These concepts combine to define assertion as: an invitation to negotiate with me over my request for something I need that you can generously give me.

The most successful assertions are those designed to foster both clear communication and also the negotiation process. Before a word is uttered, then, it helps to think like a senior diplomat from the State Department. Diplomats ponder the steps of a communication and customize each one to fit both the participants and the particulars of the current situation.

A complete assertion has seven steps:

1) Clarify both your needs and your entitlement within your head. You’re going to be making a declaration and a request, so double check that both are clear and reasonable. Think about what you need and why. Think about what the other person may need and why. Once you have a well thought-out sense of everyone’s needs, do you still believe in your right to make an assertion? If so, proceed. If not, FAWBOT: Your Perfect Right by Robert Alberti and Michael Emmons.

2) Check your timing. You want to make sure that both parties are ready to enter into a negotiation. For you, you will need to have your thinking clear and your mood stable and sanguine. For the other, they need to be receptive, which means you will have to either guess or inquire whether or not this is a good time to approach them.

3) Make a connection. An assertion puts tension on a relationship, so, depending on how meaningful the relationship is to you, you will want to attempt to join emotionally with the other person before you speak up. This can be as simple as a smile or as complicated as taking them out to dinner. You are informing the other person about how important they are to you before you make a request of them.

4) Describe your need and invite feedback. Using the communication style that suits both your personality and also the circumstances, make a statement to the effect of: This is the state of affairs as I see it and this is what I would like to have happen. The more clearly, accurately and calmly you can present the information, the easier it will be for the other person to receive it. Then wait as openly and patiently as possible as they process your request and respond. An excellent book to help with this step is That’s Not What I Meant by Deborah Tannen.

5) Negotiate. After listening carefully to their reply to your request, it's time to start thinking like a diplomat. When you assert, you put yourself in the position of leading a negotiation process. Because you are seeking cooperation from another person, it makes sense to guide that process using a relational management model. There are dozens of skills that underlie a leadership role that privileges connection (listening, reframing, information sharing, creativity, flexibility, collaboration and so on), and most mature adults are extremely capable of engaging in such a role. The trick, however, is pulling these skills down from the shelves, dusting them off and putting them to work smoothing out the process of reaching a mutually satisfying agreement. For an extremely comprehensive guide to how to reach ethical and inclusive agreements, I highly recommend the book by Susan R. Komives, Nance Lucas and Timothy R. McMahon in the FAWBOT box to the right. Getting to Yes by Roger Fisher and William Ury is a more traditional book on the subject of negotiation.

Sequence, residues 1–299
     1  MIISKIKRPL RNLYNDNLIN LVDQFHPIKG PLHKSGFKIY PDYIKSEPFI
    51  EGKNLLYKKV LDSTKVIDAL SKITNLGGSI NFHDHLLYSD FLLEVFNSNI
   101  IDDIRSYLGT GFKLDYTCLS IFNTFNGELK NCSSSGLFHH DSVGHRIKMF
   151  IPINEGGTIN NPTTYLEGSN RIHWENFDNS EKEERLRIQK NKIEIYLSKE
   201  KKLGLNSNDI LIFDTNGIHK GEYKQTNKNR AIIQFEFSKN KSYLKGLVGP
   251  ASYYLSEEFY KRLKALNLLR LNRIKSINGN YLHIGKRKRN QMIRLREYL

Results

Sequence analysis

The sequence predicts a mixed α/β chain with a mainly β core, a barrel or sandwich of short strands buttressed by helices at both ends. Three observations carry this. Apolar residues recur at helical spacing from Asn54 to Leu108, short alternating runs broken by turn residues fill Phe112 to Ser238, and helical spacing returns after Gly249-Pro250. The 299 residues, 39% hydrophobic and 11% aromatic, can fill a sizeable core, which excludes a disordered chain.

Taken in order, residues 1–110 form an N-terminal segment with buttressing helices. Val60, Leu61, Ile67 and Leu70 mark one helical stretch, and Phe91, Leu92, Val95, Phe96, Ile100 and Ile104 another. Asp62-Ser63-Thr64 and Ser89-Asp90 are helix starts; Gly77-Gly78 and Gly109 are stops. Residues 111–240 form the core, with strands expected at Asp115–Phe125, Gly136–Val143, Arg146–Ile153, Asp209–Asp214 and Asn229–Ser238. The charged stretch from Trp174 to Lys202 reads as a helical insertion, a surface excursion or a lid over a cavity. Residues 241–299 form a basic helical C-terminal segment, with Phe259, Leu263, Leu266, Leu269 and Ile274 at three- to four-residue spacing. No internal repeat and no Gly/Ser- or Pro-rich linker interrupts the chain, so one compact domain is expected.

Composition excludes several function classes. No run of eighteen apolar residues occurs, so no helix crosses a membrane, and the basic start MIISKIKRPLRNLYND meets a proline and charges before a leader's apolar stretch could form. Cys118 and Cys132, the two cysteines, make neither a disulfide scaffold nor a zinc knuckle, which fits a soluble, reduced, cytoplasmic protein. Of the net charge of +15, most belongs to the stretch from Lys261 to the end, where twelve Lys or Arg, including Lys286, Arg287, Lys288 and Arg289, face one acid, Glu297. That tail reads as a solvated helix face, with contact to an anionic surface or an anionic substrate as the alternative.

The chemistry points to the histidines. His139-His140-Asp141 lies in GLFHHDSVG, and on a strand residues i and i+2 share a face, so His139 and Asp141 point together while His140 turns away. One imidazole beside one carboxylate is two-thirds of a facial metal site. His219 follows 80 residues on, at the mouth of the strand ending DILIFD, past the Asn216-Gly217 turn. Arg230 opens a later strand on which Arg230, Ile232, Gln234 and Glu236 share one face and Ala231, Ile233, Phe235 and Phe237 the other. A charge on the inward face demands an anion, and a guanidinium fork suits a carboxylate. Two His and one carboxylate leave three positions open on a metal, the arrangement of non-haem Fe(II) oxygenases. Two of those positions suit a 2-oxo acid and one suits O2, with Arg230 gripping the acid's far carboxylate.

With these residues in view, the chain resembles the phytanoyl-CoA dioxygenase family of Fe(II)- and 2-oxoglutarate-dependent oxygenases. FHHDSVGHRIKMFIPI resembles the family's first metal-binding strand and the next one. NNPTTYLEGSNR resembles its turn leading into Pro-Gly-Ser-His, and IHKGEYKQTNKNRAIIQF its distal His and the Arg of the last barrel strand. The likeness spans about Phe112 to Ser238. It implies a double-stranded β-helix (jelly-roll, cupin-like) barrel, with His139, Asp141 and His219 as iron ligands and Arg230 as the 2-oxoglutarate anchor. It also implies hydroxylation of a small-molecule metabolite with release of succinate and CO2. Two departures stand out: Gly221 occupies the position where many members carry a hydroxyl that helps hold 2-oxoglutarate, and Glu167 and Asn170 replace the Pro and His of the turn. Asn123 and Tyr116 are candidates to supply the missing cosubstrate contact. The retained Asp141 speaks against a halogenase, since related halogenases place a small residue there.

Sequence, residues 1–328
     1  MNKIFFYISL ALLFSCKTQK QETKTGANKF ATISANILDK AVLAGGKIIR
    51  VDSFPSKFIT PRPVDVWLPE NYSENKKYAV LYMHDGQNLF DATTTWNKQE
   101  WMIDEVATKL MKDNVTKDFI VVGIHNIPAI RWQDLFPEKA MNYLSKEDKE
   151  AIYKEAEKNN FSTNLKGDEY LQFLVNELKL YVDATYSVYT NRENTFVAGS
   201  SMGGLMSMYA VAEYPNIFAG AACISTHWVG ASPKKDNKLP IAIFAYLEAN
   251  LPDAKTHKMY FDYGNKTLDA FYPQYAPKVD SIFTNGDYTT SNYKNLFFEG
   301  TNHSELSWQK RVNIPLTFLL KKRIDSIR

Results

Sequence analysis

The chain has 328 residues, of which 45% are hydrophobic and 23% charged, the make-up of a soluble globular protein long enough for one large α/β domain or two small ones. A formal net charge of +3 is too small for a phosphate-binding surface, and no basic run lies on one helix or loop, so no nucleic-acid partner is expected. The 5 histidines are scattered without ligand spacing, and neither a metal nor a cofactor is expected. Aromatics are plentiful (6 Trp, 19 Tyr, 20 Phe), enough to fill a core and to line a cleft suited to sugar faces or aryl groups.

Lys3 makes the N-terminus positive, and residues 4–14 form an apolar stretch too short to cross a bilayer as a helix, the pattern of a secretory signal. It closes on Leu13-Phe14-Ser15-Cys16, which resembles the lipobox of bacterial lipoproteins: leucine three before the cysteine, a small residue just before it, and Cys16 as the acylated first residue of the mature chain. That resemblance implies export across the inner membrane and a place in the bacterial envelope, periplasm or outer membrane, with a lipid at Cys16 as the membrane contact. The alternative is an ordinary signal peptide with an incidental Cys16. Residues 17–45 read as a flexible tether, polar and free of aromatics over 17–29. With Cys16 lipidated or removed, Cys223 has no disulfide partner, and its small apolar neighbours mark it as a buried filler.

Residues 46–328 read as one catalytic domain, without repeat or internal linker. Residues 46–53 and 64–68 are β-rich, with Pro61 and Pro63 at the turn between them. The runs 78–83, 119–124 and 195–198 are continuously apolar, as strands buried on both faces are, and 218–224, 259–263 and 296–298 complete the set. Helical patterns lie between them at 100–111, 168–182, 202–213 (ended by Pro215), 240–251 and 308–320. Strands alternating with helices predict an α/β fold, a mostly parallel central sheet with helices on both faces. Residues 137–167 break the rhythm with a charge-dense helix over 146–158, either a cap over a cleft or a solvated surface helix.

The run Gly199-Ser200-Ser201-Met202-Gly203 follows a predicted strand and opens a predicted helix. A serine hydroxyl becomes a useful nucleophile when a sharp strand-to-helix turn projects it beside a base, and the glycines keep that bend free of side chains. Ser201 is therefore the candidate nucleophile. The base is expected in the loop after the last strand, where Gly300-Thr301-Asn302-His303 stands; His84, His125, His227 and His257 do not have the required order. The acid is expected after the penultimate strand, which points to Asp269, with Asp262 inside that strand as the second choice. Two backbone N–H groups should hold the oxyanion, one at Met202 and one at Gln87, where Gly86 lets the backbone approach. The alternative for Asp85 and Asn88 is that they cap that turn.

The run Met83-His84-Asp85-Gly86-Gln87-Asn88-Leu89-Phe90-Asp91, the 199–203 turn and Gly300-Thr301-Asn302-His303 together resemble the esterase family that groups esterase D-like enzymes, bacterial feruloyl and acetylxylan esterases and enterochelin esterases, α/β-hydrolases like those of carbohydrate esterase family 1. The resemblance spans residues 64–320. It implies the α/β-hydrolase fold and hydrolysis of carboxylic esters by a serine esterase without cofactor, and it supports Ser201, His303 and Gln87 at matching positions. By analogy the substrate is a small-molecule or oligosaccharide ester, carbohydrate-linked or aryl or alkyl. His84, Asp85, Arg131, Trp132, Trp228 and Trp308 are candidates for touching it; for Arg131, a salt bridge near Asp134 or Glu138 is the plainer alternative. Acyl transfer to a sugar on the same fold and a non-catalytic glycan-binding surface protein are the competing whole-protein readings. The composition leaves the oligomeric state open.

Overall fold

6) Emotional dealings. If you do not prevail in the negotiation step and you do not get your needs met, move to self-soothing and respectful self-talk. Tell yourself that you were brave and right to have taken the risk to assert. Remind yourself that the other person now knows that they have rejected your request and they know that you know that about them. If your request was reasonable, then they are now on record as having acted unreasonably in the face of an appropriate request. If you did prevail, reward the generosity of the other person with gratitude and respect.

7) Reconnect. No matter what the outcome, it is always wise to keep the channel of communication open, so do any repair or restoration work necessary on the relationship.

These seven steps can create a powerful assertion. Examples of effective assertion initiations would be:

• I believe we’ve been having a lot of arguments lately. I feel like tension is building between us and it’s bothering me. Can we sit down soon and talk about this?

• My girlfriend bought me tickets to a concert on Saturday. I know it’s an imposition, but can you cover my shift for me?

• When you ask me a question you don’t seem to listen to me when I try to answer. I need to feel like what I say matters to you. Do you understand my concerns?

• I don’t mind if you borrow my truck from time to time, but my budget is tight right now. Could you please contribute some money for gas?

• I need to get up early tomorrow to get to the airport on time. Could you please watch television in the other room so I can go to sleep?


Here are additional strategies that can help create a potent as well as inviting assertion.